Cold Spring Harbor Laboratory (CSHL) announced an exclusive licensing agreement with partner Inari, a company that is advancing plant breeding by tapping nature's genetic diversity. The technology developed by CSHL Professor and Howard Hughes Medical Institute Investigator Zachary Lippman allows Inari to tailor plant architecture and other traits in crops, improving productivity and quality to fit local environmental conditions.
Today, commercial production of major crops, such as soybeans, corn, wheat and tomato, relies on a handful of standard seed varieties—with limited options for farmers. Inari is applying the Lippman technology to its product development process, which aims to address challenges to our current food system, increasing plant yields as well as water—and nitrogen-use efficiency.
"CSHL identified Inari as an exclusive partner because of its potential to disrupt the market," said CSHL President and CEO Bruce Stillman. "Dr. Lippman's team has already demonstrated the power of basic research in understanding crop yield and this collaboration with Inari applies his research to help farmers deal with changing environmental conditions, water shortages, and threats to arable land."
Lippman first came to CSHL as a Ph.D. student, studying how gene regulation can impact diversity. As a postdoctoral fellow at the Hebrew University of Jerusalem, he studied how tweaks in gene regulation cause wide variation in traits. In Israel, Lippman and colleagues identified two genes—both of which encode regulators of other genes—that help control the branching of flower-bearing shoots in tomato plants. Recruited back to CSHL as a faculty member, he has studied the architecture and flowering of tomatoes, developing new approaches, including the Promoter Fine Tuning technology, to tailor the genes that control these traits.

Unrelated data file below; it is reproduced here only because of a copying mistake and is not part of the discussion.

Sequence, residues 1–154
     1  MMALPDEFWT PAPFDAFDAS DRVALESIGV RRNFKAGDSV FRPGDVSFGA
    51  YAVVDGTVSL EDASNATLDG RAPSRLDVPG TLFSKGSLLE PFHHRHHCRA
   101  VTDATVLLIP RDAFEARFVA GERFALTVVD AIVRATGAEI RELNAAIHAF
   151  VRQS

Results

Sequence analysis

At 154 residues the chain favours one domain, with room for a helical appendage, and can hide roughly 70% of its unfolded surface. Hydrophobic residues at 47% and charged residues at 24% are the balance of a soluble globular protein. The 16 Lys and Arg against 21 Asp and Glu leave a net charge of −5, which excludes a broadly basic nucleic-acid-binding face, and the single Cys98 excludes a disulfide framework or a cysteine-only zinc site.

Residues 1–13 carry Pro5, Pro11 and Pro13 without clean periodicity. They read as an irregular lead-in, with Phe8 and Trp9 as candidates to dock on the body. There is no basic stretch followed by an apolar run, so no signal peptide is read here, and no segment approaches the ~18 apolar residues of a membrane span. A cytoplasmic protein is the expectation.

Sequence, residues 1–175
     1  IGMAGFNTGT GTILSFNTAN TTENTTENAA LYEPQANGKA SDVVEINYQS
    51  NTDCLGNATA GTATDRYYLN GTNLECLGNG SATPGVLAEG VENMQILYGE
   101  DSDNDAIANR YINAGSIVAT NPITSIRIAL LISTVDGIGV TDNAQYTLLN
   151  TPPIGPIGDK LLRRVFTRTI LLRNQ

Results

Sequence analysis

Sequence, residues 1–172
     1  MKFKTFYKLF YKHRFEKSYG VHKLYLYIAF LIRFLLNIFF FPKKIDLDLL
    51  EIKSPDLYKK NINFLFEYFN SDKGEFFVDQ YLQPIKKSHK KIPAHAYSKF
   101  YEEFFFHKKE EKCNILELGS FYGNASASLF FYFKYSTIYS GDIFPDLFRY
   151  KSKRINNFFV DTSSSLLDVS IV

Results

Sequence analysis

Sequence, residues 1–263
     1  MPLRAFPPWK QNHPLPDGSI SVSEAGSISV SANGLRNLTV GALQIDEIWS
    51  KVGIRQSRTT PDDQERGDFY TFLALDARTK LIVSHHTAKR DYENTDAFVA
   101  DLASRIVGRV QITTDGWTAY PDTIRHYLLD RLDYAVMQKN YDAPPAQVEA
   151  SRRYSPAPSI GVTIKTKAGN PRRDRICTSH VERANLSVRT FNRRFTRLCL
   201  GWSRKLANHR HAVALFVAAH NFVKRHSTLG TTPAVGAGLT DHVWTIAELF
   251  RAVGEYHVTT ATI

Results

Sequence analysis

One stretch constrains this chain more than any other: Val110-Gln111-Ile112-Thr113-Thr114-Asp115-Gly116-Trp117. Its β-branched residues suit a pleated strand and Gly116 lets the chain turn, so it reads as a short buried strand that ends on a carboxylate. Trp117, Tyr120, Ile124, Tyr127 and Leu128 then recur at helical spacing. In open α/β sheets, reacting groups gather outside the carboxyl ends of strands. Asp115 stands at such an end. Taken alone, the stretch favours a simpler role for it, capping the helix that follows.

Two years in the making, the licensing of Promoter Fine Tuning technology is consistent with CSHL's strategy to pursue innovation in the focus areas of crop improvement, clinical diagnostics, cancer therapeutics and orphan diseases. Standard academic technology transfer strategy considers commercialization when basic research sparks an idea for a marketable technology. "CSHL's approach is more forward-looking, aligned with its historic high-risk/high-reward approach to accelerating innovative research," explained Andrew Whiteley, CSHL Vice President for Business Development and Technology Transfer. "We want to initiate relationships with industry partners while the technology is being shaped and developed at CSHL."